• If you are at target equity allocations, hold for now.
 
Continue to use rallies to reduce risk towards a target level with which you are comfortable.
 
Remember, this model is not ABSOLUTE - it is just a guide to follow.
 
Unfortunately, since 401(k) plans don't offer a lot of flexibility and have trading restrictions in many cases, we have to minimize our movement and try and make sure we are catching major turning points.
 
We want to make sure that we are indeed within a bigger correction cycle before reducing our risk exposure further.
 
Current 401(k) Allocation Model
 
The 401(k) plan allocation plan below follows the K.I.S.S. principle. By keeping the allocation extremely simplified, it allows for better control of the allocation and a closer tracking to the benchmark objective over time. (If you want to make it more complicated you can, however, statistics show that simply adding more funds does not increase performance to any great degree).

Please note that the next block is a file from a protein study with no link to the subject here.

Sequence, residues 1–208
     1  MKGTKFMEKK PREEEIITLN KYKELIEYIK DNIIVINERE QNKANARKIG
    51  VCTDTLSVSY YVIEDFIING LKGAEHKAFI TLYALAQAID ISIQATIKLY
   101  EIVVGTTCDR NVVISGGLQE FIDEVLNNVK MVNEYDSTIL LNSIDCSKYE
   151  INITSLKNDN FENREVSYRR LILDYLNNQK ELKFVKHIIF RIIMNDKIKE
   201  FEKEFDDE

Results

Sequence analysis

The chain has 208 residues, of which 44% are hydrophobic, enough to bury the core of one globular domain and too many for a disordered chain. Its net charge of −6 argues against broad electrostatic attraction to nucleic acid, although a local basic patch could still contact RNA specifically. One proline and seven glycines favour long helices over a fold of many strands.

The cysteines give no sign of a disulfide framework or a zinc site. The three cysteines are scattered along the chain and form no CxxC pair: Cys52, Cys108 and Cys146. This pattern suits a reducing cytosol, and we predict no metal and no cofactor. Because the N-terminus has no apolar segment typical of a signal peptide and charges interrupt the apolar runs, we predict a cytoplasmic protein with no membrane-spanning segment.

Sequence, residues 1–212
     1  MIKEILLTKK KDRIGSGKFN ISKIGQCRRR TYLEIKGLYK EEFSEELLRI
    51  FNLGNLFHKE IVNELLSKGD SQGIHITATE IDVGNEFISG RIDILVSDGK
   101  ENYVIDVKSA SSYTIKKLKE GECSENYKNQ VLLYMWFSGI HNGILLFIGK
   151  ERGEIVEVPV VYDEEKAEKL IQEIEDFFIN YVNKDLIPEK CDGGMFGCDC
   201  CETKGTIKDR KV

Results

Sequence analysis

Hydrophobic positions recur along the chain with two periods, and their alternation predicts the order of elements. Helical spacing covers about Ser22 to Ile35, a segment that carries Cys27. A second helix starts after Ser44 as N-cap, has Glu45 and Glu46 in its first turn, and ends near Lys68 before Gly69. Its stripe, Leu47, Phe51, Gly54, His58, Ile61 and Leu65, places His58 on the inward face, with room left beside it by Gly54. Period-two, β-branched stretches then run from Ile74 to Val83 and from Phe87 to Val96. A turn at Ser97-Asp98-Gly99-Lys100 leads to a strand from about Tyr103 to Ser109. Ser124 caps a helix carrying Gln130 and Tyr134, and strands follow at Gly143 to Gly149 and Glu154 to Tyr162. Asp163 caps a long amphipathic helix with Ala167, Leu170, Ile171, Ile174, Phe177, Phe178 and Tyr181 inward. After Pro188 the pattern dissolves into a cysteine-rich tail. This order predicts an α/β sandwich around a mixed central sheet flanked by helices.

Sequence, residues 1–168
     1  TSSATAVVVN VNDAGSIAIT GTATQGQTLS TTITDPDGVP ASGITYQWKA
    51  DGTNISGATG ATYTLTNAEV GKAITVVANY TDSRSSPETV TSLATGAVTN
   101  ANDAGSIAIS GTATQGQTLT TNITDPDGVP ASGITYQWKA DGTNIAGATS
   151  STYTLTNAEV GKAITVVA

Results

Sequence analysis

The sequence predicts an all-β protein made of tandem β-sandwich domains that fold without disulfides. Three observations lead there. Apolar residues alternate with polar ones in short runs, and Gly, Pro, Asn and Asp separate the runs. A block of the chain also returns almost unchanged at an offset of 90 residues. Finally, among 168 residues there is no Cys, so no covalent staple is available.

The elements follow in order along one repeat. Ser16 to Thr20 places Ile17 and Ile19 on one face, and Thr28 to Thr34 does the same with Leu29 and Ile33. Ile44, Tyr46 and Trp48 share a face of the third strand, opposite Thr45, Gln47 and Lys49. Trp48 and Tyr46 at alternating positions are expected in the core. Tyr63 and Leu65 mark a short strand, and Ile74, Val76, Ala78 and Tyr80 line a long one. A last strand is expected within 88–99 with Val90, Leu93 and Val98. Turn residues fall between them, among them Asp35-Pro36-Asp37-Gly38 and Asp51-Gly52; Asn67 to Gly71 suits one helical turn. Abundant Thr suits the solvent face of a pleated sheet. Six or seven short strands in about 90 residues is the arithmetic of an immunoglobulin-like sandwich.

401(k) Choice Matching List

The list below shows sample 401(k) plan funds for each major category. In reality, the majority of funds all track their indices fairly closely. Therefore, if you don't see your exact fund listed, look for a fund that is similar in nature.
 


Dalio's Fear Of The Next Downturn Is Likely Understated

by: Lance Robert


Summary
 
- Dalio made the remarks in a panel discussion at the World Economic Forum's annual meeting in Davos on Tuesday where he reiterated that a limited monetary policy toolbox, rising populist pressures and other issues, including rising global trade tensions, are similar to the backdrop present in the latter part of the Great Depression in the late 1930s.